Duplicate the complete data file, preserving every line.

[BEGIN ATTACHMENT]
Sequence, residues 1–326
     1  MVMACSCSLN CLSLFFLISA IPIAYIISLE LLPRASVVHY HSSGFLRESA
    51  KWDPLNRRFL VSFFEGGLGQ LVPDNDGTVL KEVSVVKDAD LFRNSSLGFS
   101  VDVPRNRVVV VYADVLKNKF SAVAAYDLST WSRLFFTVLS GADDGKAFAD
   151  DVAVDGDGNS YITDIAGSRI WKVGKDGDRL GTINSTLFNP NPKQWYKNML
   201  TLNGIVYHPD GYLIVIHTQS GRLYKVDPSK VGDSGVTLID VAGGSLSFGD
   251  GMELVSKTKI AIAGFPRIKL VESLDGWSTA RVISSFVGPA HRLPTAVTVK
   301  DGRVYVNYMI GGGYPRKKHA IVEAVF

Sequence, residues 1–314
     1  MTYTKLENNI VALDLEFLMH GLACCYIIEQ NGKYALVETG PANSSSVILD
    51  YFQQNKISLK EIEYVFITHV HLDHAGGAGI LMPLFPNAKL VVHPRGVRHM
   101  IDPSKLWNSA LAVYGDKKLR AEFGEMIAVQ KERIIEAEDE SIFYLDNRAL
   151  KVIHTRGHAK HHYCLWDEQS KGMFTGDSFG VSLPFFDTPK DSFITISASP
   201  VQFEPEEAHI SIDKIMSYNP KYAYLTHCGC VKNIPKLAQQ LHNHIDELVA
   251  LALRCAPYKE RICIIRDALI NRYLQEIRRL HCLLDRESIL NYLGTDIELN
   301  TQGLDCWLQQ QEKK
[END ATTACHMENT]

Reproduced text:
Sequence, residues 1–326
     1  MVMACSCSLN CLSLFFLISA IPIAYIISLE LLPRASVVHY HSSGFLRESA
    51  KWDPLNRRFL VSFFEGGLGQ LVPDNDGTVL KEVSVVKDAD LFRNSSLGFS
   101  VDVPRNRVVV VYADVLKNKF SAVAAYDLST WSRLFFTVLS GADDGKAFAD
   151  DVAVDGDGNS YITDIAGSRI WKVGKDGDRL GTINSTLFNP NPKQWYKNML
   201  TLNGIVYHPD GYLIVIHTQS GRLYKVDPSK VGDSGVTLID VAGGSLSFGD
   251  GMELVSKTKI AIAGFPRIKL VESLDGWSTA RVISSFVGPA HRLPTAVTVK
   301  DGRVYVNYMI GGGYPRKKHA IVEAVF

Sequence, residues 1–314
     1  MTYTKLENNI VALDLEFLMH GLACCYIIEQ NGKYALVETG PANSSSVILD
    51  YFQQNKISLK EIEYVFITHV HLDHAGGAGI LMPLFPNAKL VVHPRGVRHM
   101  IDPSKLWNSA LAVYGDKKLR AEFGEMIAVQ KERIIEAEDE SIFYLDNRAL
   151  KVIHTRGHAK HHYCLWDEQS KGMFTGDSFG VSLPFFDTPK DSFITISASP
   201  VQFEPEEAHI SIDKIMSYNP KYAYLTHCGC VKNIPKLAQQ LHNHIDELVA
   251  LALRCAPYKE RICIIRDALI NRYLQEIRRL HCLLDRESIL NYLGTDIELN
   301  TQGLDCWLQQ QEKK